100 years old and still providing for community

Bernice Ras came from the Everett Gospel Mission Women and Children’s Shelter.

Before her sixth months at the shelter, she rented a room in someone else’s home. Ras, 59, said she left that place after encountering

domestic violence.

Don Torgerson, 60, has lived in the back of a van and in a nephew’s garage. Once a crab fisherman in Alaska, Torgerson said he suffered severe depression and lost his livelihood after his wife died in 2005.

“This is a building of hope and recovery,” Torgerson said when I visited his small apartment in the Commerce Building on Everett’s Hewitt Avenue. “Once you’re down, everybody needs a helping hand.”

This is a story about window renovations. It’s also a story about the history of Everett, and maintaining the integrity of a building that has stood on a downtown corner since 1910.

Those things are important — not as important, though, as Ras, Torgerson and other Commerce Building tenants having a safe, affordable place to live.

With its 48 single-resident-occupancy rooms and small apartments, the Commerce Building houses low-income renters. Some have mental health issues. In 1993, the nonprofit agency Housing Hope acquired the Commerce Building with the help of a state grant and many other funding sources.

Residents pay a third of their gross income in rent. For Ras, that’s $192 per month.

On Wednesday, Housing Hope hosted a 100th birthday celebration of the building — a year late. There was good cause for the delay. The gathering also marked the recent completion of a $700,000 window restoration project.

Fred Safstrom, deputy executive director of Housing Hope, said the project was needed for safety and financial reasons. He recalled driving past the building and seeing the center-pivot windows wide open. That raised awareness of the potential danger of someone falling from as far as the fifth floor.

“We also had the problem of energy bills,” said Safstrom, adding that windows were often left wide open while heat was on. In addition to the large windows, which pivot open at the center, smaller top windows drop open to the inside.

In 2008, the agency began the process of restoring the windows, which had deteriorated but were structurally sound. The original frames are built of old-growth fir.

Renovation plans were complicated because the Commerce Building is on the Washington Historic Register and the Everett Register of Historic Places, Safstrom said.

Housing Hope made an initial presentation to the Everett Historical Commission proposing replacement with vinyl windows. When that was discouraged by the commission, Housing Hope came back to the panel in 2009 with plans to rehabilitate the existing windows and replace single-pane glass with double-pane glass in the original window sashes.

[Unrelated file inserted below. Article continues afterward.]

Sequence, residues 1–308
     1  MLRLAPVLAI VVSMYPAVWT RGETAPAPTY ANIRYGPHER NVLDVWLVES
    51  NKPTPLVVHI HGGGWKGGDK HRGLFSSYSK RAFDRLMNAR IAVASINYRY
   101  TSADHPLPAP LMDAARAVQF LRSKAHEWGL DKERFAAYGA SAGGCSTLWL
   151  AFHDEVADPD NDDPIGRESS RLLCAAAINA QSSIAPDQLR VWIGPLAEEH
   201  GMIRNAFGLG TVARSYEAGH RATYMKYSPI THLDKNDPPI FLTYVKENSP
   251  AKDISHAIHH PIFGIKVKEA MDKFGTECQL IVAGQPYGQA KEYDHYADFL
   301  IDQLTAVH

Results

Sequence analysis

That option won the Historical Commission’s approval.

Safstrom credited Glass by Lund in Lake Stevens for the company’s advice. Window work befitting the old building was done by Legacy Renovation of Tacoma and subcontractor CDK Construction Services, Inc.

After JPMorgan Chase took over Washington Mutual Bank, Safstrom said, the Commerce Building had to be refinanced. Some money for the project came from that. Housing Hope also had help covering the project’s costs from Snohomish County PUD energy funds, the city’s Community Housing Improvement Program and other sources.

In his apartment Wednesday, Torgerson showed how the lovely old windows now have a stop that won’t let them to open too far. He used a pole to reach the top window, which will bring in cooling breezes on hot summer days. Shutting the big window, he demonstrated how new double panes block street noise.

Everett Public Library historian David Dilgard talked at Wednesday’s event about the colorful past of the Commerce Building, which was designed by architect Benjamin Turnbull. The Everett Suffrage Club had an office on the building’s third floor as women fought for their right to vote.

Other Everett landmarks were built in 1910. Among them are the First Presbyterian Church with its magnificent stained glass, and banker William Butler’s house, which became the Grand Avenue home of U.S. Sen. Henry M. Jackson.

A grand structure itself, the Commerce Building “is now serving a vital purpose,” Safstrom said.

“It’s a nice place,” said Ras, who moved to her cozy room from a homeless shelter.

Julie Muhlstein: 425-339-3460; muhlstein@heraldnet.com.

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